Finals are upon us at the University of Glasgow. Even though the University of Glasgow is on a semester school system we only have classes for nine to ten weeks like the University of Denver’s quarter system. However, the semester extends into December due to two weeks of “reading/study weeks” before finals. The actual classes could end in week 9, 10, or 11 depending on the subject and professor. Some of my classes left the last week or two open in case they were absent for a week and had to cancel a class. The last week would then be a makeup class for the missed material. However, if no classes are missed, the seminars (in-person classes) would end early. I believe I mentioned in my first couple posts that grades are decided with only a couple assignments. There are no weekly quizzes or participation/attendance grades. It is purely your performance on a few major assignments. It’s nerve-racking for many and coming from a school system where my grades in the past have relied heavily on the small assignments and participation grades, it was difficult to adjust. Halfway through the semester when we were submitting our midterm papers, I thought about how at that point in the quarter at DU I would have already had a couple major projects, papers, or tests. Probably a quiz or two on weekly readings, as well as participation grades throughout. Thus, finals week is stressful. Not stressful because we know the pressure, it is stressful because we know we should be more stressed than we are. I am used to wanting good grades on my finals but also knowing that the smaller assignments will boost and cushion my grade if I end up not doing well on final assignments. I know that my finals are worth 40, 50, and 100 percent of my grade out here but I find that I am having to remind myself of that every time I want to take a break from studying or I put off writing my papers. In my classes, other students expressed their stress, frustration, and worry about finals and midterms. They seemed flustered and asked each other so many questions. It seemed like everything that came out of their mouth started with a “What if…” and ended with a “I’m just worried.” I remember sitting silently observing their stress, asking myself if I should feel more nervous or worried. I remember sitting, trying desperately to think of a question about the assignment or something I didn’t understand about the instructions, but I always drew a blank because the assignment seemed fairly simple to me. I was worried that because I was a foreigner I was going to be blindsided and the assignments would be extremely difficult and painful to finish. But, everything is going smoothly. I am sure that if I had gone to school in the UK for a long time I would put more worry into the daunting finals, but I have been socialized to not put too much weight into finals because they only make up about 20 percent of your grade and it is still possible to get a good grade in the class overall without perfecting the final. I should be stressed, but I’m not.
Finals in Glasgow are not too difficult in the first place. In High School and college finals consisted of presentations, timed/closed-note exams, extensive research papers, and still the typical small assignment course load like quizzes and participation. In Glasgow, finals weeks consists of no in-person classes. All of my public policy and law finals are online and you have a week to work on them. Let me explain:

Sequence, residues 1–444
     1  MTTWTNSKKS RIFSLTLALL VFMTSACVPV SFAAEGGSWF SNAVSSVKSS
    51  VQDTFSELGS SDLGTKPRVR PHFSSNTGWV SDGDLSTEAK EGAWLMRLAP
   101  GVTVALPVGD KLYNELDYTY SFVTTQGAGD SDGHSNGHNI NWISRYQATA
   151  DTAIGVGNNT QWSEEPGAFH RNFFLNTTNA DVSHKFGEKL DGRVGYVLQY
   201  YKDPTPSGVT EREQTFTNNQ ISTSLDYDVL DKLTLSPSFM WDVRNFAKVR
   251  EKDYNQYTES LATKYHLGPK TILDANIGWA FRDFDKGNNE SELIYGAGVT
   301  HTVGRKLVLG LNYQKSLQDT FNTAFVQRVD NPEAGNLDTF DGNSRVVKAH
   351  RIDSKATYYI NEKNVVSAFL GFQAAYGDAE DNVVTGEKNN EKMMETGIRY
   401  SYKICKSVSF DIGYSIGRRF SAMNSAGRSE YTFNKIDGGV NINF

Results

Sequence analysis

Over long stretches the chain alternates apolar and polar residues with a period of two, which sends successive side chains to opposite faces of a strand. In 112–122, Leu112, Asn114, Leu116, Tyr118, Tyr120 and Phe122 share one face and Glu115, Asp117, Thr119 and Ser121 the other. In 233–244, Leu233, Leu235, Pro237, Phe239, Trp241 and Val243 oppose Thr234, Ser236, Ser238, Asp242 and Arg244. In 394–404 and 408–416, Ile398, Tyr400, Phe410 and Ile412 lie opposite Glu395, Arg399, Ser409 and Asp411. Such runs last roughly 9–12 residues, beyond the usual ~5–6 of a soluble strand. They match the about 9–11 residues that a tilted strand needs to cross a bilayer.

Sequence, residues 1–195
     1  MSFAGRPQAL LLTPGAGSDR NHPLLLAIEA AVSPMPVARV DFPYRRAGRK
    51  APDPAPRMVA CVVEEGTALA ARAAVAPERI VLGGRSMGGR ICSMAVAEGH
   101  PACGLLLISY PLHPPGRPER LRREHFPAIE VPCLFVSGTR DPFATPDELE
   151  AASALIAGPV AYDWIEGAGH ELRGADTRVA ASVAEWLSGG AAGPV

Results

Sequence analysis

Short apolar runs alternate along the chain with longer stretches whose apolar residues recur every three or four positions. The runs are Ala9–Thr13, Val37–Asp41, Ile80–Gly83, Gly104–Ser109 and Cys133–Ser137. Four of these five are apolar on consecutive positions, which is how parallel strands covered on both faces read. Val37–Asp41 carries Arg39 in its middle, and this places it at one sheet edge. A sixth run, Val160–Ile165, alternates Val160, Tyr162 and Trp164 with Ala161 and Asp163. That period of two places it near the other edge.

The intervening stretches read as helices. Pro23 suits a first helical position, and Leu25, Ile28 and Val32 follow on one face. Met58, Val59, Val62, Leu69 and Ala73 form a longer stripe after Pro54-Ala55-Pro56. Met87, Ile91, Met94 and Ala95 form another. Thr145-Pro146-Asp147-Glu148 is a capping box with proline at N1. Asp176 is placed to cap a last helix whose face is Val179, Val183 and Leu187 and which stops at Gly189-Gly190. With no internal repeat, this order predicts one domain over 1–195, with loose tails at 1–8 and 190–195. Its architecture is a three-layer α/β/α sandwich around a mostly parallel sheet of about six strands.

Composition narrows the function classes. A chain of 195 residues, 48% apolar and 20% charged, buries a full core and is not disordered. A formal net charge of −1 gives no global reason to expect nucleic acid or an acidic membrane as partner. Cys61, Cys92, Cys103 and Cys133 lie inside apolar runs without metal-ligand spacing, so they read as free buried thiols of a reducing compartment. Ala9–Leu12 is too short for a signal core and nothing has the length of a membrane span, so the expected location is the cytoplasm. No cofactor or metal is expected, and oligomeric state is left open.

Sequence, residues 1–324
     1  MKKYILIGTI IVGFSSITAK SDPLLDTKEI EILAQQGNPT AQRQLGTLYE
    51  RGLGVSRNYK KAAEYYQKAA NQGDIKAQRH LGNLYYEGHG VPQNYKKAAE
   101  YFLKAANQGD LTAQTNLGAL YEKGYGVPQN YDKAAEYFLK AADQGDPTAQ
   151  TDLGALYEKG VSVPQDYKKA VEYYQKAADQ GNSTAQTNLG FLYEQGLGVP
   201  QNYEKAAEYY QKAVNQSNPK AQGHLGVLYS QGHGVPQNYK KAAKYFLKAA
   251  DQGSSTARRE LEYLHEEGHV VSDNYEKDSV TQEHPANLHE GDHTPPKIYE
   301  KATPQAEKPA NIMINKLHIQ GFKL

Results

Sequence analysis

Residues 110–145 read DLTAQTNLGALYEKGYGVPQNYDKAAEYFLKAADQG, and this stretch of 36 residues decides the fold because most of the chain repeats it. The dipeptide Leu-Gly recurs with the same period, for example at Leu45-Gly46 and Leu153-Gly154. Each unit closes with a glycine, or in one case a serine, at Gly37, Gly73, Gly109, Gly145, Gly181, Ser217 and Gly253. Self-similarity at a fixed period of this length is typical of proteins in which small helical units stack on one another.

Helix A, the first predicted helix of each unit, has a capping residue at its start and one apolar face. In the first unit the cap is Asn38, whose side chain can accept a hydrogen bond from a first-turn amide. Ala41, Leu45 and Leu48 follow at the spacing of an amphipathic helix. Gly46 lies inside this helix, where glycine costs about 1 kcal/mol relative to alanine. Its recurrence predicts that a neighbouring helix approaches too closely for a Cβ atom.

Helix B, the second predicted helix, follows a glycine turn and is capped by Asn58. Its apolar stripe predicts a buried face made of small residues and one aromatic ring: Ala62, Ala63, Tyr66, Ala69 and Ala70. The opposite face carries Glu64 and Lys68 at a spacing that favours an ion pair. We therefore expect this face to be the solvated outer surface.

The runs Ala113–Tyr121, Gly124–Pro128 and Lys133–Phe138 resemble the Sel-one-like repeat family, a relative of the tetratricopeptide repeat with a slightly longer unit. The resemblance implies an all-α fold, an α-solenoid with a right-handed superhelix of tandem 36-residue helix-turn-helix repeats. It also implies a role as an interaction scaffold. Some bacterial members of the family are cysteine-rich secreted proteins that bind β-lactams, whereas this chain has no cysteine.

• Making Public Policy: This class was once a week for two hours. I wrote a 2500 word policy brief for the midterm which we were given information on in the first class. The final is five questions but you only have to answer two of them. The questions are released a week before the final is due and each question must be answered in 750 words or less. Just two short essays decide 50% of your grade.
• Education for Citizenship (Public Policy): This class had three assignments: a midterm paper of 2500 words, a reflective learning log that bullet pointed how the student prepped for the class and participated with a 500 brief reflection of how their learning will help them in the future, as well as a 750 word final paper. For the papers, the professor would send out a list of four topic questions and the student would pick one for their essays. Each paper was worth 40% of the final grade and the learning log made up 20% of the final grade.
• Law of Contract: The law class was different from all the other classes. It had a midterm that was not worth a grade. It was basically a trial run of the final. The final will consist of a problem question with multiple parts and it is worth 100% of my grade. It is timed and I will have two hours to complete it which is very reasonable.
The assignments are broad and students have a lot of flexibility in how they structure their answers, but we are still given rubrics and the graders tend to be less harsh from what I have seen so far. I have heard rumors about exams having a different format before Co-vid but no one really knows because everyone in my classes are the same year as me and have never attended college not in the era of Co-vid. This is an interesting concept in itself for 3rd year students but also for international 3rd year students because it makes you think how my experience differs from study abroad students in 2019 and before. My finals conclude on December 16th and then after a brief trip to London I will return home on the 22nd of December. My time in Glasgow is coming to a close, but I am just focusing on finals at the moment and learning to live in the now.